Religion doesn’t play a very important part in my life. If someone were to ask me my views on the subject, I would be rather at a loss of what to say, except that a lot of problems in the world seem to stem from intolerance and ignorance of other peoples beliefs.I really couldn’t say if I were an agnostic, an atheist or maybe I can consider myself as a Christian because I can recall some of the stories from the New Testament.
Once a week, I teach the children in my class of five year olds RE. Many moons ago when I was in primary school it was called scripture lessons, and then at secondary school we were taught RK. In those long gone days, these lessons solely focused on christianity. Thank goodness times have changed. This year the children in my class have learned about Jesus, but we will be moving on to judaism shortly and as we have muslim children in the class we have talked about significant events in the Muslim calender as they occur. It’s fair to say that the children look forward to their RE lesson and are inquisitive and always to keen put across their own points of view. They are at that wonderful age when the thoughts of angels in heaven and miracles happening fill them with wonder.
Yesterday I attended the christening of the gorgeous wee one of a friend of mine. It was the first time I had set foot in a church for ages. On the last few occasions when I have been it was a to attend a funeral of an elderly relative.Sadly it’s been a long time since I’ve been to a church to celebrate a happy event. It must be something to do with my age ! I really didn’t know what to expect.especially as I’ve only ever attended one christening before now.The church was packed, almost to the point where it was standing room only.The congregation wasn’t just made up of people attending the christening. Most people there were regulars. Sadly, the majority of them were elderly and it made me wonder if in time that meant that the now filled pews would steadily become emptier as these regular worshipers finally met their maker. Sitting there, trying to follow the service I couldn’t help but notice how friendly and welcomuing everyone was. If I got lost following the text in my little blue book, someone was quick to put me back on track. We sang lots of hymns. I knew none of them, but the tunes were easy to pick up. Pity there wasn’t All Things Bright and Beautiful. I really could have belted that one out ! Rather than yawning my way through the sermon, I found myself nodding in agreement. It wasn’t preachy at all, it just made sense. I came away feeling strangely content and dare I say it, uplifted. My experence doesn’t mean that I’m suddenly going to spend my Sunday mornings at church, but I can understand a little more why people go.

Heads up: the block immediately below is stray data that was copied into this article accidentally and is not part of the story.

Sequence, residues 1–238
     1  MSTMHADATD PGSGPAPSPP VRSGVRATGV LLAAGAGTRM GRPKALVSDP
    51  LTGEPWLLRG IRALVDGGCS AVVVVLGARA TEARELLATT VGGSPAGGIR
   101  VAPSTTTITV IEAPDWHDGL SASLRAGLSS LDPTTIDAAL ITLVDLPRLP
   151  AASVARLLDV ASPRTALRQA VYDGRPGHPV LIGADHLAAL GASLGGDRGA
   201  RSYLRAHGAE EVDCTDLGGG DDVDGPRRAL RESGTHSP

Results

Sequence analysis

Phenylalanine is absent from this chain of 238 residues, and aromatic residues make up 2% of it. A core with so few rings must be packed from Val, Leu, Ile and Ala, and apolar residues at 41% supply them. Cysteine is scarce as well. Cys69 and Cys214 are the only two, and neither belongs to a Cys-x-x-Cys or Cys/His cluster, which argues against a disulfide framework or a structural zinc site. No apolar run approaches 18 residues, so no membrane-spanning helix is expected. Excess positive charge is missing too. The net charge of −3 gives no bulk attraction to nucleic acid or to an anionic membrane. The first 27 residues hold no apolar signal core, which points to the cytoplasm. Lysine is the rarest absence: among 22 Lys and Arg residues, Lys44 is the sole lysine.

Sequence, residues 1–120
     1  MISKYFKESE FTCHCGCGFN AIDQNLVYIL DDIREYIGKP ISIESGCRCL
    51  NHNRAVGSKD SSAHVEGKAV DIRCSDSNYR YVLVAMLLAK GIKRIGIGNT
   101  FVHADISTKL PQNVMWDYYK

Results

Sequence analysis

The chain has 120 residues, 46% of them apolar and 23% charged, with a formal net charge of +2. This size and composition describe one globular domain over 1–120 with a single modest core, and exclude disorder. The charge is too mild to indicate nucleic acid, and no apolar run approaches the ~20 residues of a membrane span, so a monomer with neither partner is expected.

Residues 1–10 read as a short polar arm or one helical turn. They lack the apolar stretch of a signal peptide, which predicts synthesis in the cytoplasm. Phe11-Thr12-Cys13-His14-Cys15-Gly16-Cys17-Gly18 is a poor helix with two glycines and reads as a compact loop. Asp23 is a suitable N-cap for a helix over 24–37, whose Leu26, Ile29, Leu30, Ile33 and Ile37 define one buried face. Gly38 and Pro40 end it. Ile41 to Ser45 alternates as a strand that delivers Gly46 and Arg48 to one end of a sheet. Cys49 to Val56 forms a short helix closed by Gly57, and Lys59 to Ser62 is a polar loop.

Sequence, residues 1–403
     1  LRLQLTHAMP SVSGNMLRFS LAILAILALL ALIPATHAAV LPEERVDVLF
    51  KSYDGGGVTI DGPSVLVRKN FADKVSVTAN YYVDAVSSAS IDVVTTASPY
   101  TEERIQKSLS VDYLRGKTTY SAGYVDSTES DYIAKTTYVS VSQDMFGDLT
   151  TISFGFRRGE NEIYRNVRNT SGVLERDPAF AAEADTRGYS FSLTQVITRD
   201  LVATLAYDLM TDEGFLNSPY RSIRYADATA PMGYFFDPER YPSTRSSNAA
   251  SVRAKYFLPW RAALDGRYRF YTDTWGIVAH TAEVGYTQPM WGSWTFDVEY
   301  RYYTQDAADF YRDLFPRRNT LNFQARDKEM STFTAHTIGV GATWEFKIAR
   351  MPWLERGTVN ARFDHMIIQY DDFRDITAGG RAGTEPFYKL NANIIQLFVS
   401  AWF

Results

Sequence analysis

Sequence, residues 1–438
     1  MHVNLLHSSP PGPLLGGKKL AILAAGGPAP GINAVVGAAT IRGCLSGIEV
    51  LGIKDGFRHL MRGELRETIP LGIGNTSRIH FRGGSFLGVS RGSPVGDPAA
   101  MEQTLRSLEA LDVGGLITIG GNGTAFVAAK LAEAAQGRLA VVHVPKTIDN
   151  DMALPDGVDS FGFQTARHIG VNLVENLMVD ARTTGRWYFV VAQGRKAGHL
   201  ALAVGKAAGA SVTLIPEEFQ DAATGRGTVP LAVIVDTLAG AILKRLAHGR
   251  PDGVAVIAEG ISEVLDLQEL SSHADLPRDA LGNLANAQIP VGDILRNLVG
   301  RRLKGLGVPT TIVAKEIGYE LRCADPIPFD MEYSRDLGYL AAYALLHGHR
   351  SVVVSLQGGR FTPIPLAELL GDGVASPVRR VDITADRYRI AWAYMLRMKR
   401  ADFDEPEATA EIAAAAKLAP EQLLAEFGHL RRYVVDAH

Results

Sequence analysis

Since yesturday I’ve been thinking back to my childhood and what religion meant to me then. My sister and I were sent to Sunday School from an early age. Not, I think because our parents were concerned for our spiritual welfare, but more likely because it meant that they got a bit of peace and quiet for a few hours without having to fork out more than a few pennies for the collection box. We were left to choose which church to spend those hours, and I soon cottoned on that some Sunday Schools were better than others. If there were rumours that a certain church had a Sunday School outing to Weymouth rather than the local park for a picnic, I would be beating at their door begging to be taught all about Jesus and his disciples. Little did they know that as soon as the outing was over they wouldn’t see me for dust.I joined the Salvation Army so that I could learn to play a tambourine with colourful ribbons tied to it and march through the streets showing off my newly learnt skills.At a packed methodist hall in Bristol I took up the offer of “giving myself to God” in front of hundreds of people. At 13 I decided that I wanted to become a nun after watching the film based on the life of Saint Bernadette. I prayed nightly for ages that the Virgin Mary would appear before me. Alas, my prayers were never answered.
When the boys were born we decided not to have them christened. Their dad had no time for religion after his mum died so it seemed wrong to go ahead in something he did not believe in. I took the boys to the Christingle services in our very pretty village church. They even went to Sunday school once or twice, but the lure of the Game-boy won out and neither returned. I went along to a couple of services, but they were a strange mix of high brow and happy clappy. religion.Talk about confusing!
Everyone is entitled to their own views concerning religion. Personally I can’t be doing with the evangelical,born again christian type of religion. But that’s just my opinion. Religion is a very personal thing. I shall carry on going to church once in a blue moon, Listen to Carols from Kings at Christmas and hope to enthuse a one or two 5yr olds once in a while!